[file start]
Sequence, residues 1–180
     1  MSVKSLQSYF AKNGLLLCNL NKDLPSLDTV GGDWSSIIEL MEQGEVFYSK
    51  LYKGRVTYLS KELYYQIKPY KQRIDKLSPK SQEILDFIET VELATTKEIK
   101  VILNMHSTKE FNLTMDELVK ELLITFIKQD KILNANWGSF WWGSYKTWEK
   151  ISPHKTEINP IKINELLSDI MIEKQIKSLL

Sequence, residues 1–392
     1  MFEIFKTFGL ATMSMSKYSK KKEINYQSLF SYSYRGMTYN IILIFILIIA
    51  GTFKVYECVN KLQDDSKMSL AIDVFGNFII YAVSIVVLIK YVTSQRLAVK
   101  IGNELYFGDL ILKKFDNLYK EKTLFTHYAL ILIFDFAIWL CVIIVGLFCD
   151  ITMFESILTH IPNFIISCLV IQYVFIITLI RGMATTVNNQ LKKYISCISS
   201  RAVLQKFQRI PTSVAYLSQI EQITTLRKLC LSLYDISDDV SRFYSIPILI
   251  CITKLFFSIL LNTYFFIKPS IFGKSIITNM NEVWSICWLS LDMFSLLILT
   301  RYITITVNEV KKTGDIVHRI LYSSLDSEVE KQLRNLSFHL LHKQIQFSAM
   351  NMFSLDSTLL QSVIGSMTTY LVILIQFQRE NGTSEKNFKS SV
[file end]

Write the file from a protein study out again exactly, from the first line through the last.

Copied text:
Sequence, residues 1–180
     1  MSVKSLQSYF AKNGLLLCNL NKDLPSLDTV GGDWSSIIEL MEQGEVFYSK
    51  LYKGRVTYLS KELYYQIKPY KQRIDKLSPK SQEILDFIET VELATTKEIK
   101  VILNMHSTKE FNLTMDELVK ELLITFIKQD KILNANWGSF WWGSYKTWEK
   151  ISPHKTEINP IKINELLSDI MIEKQIKSLL

Sequence, residues 1–392
     1  MFEIFKTFGL ATMSMSKYSK KKEINYQSLF SYSYRGMTYN IILIFILIIA
    51  GTFKVYECVN KLQDDSKMSL AIDVFGNFII YAVSIVVLIK YVTSQRLAVK
   101  IGNELYFGDL ILKKFDNLYK EKTLFTHYAL ILIFDFAIWL CVIIVGLFCD
   151  ITMFESILTH IPNFIISCLV IQYVFIITLI RGMATTVNNQ LKKYISCISS
   201  RAVLQKFQRI PTSVAYLSQI EQITTLRKLC LSLYDISDDV SRFYSIPILI
   251  CITKLFFSIL LNTYFFIKPS IFGKSIITNM NEVWSICWLS LDMFSLLILT
   301  RYITITVNEV KKTGDIVHRI LYSSLDSEVE KQLRNLSFHL LHKQIQFSAM
   351  NMFSLDSTLL QSVIGSMTTY LVILIQFQRE NGTSEKNFKS SV